Data Presentation for Effective Care Transitions
President and Chief Strategy Officer
I have the honor of working with dozens of health information exchanges (HIE) nationally to improve interoperability. During the past decade, a lot of that time has focused on technical aspects of interoperability. How do we connect to the EHR? How do we convert data to an interoperable format? How do we coordinate a set of API requests and responses to move information to a desired endpoint?
Slowly but surely, every HIE breaks down these barriers to technical interoperability. Then, they are confronted with a stark reality. How SHOULD they display data to support higher quality care and better care transitions? How do they share data in a well-organized and consistent format (i.e. semantic interoperability)? These are particularly important considerations when sharing care summaries, like Consolidated Clinical Document Architecture (C-CDA) documents and Continuity of Care Documents (CCD).
Standards bodies have historically “punted” on this question, saying that data presentation should be use case dependent. That’s fair, but a vacuum of guidance creates tremendous variability. This vacuum existed for C-CDA and persists into Fast Health Interoperability Resources (FHIR). Specifically, there are only a few narrative (human-display) rules in FHIR:
- “The narrative SHALL have some non-whitespace content”
- “The narrative SHALL contain only the basic html formatting elements and attributes”
- “The narrative SHALL reflect all content needed for a human to understand the essential clinical and business information. It SHALL be safe to render only the narrative of the resource without displaying any of the resource’s discrete/encoded information”
While the above cements the importance of human readable content in interoperable standards, it grants tremendous discretion to data senders. What is essential to understanding clinical and business information? Should medications be presented in a list, table or paragraph format? Are medication names and dates enough, or do we need codes, routes and strength information?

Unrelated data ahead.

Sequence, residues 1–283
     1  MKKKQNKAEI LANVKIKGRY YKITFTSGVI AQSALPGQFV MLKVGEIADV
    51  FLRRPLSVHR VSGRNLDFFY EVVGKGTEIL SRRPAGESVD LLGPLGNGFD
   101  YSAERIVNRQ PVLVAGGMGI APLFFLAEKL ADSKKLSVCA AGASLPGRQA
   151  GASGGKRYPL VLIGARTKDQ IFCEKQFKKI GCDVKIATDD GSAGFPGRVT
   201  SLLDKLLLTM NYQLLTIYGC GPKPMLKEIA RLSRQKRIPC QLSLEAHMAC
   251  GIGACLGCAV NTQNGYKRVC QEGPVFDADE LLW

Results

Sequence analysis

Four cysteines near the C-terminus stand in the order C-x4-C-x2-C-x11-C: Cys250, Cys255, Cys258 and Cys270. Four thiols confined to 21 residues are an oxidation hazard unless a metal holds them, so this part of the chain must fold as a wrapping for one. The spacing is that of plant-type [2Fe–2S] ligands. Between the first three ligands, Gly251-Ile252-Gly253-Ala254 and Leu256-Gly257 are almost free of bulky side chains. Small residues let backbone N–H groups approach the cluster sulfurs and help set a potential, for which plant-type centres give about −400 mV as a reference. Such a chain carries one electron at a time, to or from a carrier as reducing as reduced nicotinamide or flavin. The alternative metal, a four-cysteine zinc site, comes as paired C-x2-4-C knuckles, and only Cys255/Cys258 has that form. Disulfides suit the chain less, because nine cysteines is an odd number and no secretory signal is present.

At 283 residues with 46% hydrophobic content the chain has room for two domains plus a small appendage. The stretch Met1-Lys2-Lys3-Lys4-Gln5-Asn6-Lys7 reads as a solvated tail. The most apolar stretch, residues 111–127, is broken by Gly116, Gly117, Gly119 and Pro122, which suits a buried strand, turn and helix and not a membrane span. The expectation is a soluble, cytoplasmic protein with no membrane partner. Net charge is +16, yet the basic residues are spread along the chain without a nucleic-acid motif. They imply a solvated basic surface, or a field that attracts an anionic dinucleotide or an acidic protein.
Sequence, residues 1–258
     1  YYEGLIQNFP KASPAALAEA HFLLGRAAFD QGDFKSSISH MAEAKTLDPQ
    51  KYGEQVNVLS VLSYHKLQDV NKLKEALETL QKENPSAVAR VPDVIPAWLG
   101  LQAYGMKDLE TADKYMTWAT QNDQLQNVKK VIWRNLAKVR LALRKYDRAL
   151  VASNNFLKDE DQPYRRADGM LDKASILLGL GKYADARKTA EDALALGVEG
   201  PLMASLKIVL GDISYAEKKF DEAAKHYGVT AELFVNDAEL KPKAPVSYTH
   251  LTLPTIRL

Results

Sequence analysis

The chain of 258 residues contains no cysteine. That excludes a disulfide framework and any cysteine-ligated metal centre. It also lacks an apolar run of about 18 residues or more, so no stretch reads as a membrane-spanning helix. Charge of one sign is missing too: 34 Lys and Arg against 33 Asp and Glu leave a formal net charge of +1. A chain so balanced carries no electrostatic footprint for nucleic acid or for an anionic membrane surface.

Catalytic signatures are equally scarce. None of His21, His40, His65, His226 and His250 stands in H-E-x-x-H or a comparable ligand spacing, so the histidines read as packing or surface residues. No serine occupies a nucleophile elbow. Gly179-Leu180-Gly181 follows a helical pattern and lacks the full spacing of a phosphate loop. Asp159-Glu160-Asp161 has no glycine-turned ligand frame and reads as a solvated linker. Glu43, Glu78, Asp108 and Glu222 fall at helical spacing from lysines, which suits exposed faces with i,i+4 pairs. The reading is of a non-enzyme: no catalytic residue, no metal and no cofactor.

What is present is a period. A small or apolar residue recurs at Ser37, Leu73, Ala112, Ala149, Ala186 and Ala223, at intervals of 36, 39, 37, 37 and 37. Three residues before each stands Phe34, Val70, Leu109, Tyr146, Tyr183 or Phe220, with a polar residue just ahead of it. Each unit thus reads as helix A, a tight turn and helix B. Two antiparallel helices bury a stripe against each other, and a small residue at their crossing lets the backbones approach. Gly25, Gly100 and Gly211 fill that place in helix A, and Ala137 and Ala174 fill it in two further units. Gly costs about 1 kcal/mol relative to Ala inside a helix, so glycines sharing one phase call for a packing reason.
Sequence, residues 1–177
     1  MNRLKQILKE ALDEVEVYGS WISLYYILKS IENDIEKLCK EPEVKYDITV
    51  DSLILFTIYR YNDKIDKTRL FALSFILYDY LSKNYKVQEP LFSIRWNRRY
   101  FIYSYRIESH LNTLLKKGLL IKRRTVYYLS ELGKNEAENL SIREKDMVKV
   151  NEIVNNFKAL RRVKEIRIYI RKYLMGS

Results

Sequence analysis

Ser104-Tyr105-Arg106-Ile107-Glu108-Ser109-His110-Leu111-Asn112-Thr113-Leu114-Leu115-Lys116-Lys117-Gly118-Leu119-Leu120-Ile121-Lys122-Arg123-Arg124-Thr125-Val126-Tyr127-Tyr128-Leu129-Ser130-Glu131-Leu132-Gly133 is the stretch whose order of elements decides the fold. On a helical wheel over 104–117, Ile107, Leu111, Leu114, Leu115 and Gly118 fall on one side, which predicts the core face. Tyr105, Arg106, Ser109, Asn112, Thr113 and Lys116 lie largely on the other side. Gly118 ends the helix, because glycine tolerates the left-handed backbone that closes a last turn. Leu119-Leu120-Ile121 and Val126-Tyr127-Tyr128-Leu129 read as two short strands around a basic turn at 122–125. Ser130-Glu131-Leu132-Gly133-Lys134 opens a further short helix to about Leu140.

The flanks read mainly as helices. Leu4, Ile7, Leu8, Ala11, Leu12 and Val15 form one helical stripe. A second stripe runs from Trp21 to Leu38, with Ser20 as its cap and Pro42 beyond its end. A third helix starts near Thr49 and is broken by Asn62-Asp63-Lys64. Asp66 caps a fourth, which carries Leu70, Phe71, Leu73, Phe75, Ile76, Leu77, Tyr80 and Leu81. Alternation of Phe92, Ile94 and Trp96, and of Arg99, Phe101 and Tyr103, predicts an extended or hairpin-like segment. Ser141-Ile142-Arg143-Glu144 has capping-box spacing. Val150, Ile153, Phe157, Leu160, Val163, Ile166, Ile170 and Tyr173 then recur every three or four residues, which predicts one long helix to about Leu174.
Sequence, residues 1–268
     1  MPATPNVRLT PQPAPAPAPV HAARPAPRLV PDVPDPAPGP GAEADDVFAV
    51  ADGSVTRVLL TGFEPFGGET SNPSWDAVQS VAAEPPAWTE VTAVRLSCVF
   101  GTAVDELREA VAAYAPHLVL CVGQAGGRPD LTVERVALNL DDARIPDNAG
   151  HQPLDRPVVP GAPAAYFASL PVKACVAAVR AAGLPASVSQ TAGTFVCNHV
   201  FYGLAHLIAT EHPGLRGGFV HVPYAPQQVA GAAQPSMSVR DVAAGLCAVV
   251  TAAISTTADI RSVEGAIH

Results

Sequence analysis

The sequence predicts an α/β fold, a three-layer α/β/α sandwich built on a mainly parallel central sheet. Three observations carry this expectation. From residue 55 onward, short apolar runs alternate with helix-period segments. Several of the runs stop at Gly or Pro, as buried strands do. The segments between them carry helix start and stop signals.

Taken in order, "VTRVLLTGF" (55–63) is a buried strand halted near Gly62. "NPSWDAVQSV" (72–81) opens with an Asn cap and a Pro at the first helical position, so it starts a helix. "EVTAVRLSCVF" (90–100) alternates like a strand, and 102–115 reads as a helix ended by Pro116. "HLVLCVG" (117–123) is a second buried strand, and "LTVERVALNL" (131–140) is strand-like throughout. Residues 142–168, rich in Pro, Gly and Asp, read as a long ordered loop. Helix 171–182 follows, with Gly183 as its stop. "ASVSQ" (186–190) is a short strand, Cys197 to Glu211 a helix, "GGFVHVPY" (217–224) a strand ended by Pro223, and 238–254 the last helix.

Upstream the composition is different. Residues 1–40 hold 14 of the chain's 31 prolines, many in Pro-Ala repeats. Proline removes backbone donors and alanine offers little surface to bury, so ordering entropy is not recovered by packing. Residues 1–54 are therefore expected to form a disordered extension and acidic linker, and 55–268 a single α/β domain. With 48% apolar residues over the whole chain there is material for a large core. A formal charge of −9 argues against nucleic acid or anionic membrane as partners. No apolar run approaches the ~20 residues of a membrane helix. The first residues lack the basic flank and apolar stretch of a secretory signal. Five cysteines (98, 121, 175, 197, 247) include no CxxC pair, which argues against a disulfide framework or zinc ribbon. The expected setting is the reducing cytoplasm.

Valuable perspective on this can be gleaned by what EHRs are already doing. In 2018, I participated with the Veterans Health Administration on a research study examining many different certified EHR technologies. One thing we did was to look at how the same three medications as shown from 38 different technologies were displayed. Here, we found some commonalities:
- 38 of 38 technologies showed the start date of the medication
- 37 of 38 technologies presented each medication as a row in a table
- 35 of 38 technologies had a dedicated column for the medication name
But there were also significant differences:
- 12 of 38 technologies showed the code of the medication (i.e. using RxNorm) in the human readable portion
- Only 7 technologies used TALLman lettering, a medication safety practice, on an eligible medication (e.g. cefTRIAXone); 4 technologies displayed all medication names as uppercase (e.g. CEFTRIAXONE) while others used lower or mixed casing
- Only 6 medications showed a generic name (e.g. acetaminophen) in addition to the ordered brand name (e.g. Tylenol)
- Only 2 of 38 technologies showed a strength field (e.g. 500mg) separate from dose-form (e.g. Tylenol Extra Strength 500 mg Oral Tablet)
The result was massive variation. Here are three examples, first a simpler presentation:
Another representing a typical midpoint of data complexity:
And finally, a more complex set of fields:
The variation shown above is stark, as even dates are shown in three very different formats. As we progress toward standards that facilitate rapid data sharing, like C-CDA and FHIR, it’s time to examine which human readable displays support effective care transitions. While Diameter Health strongly supports configurable displays for different use cases, there are opportunities to reduce the noise and variation through default behavior. Answering “how SHOULD display data support higher quality care and better care transitions?” is a question worth answering. Both clinicians and patients will thank us for getting this right.
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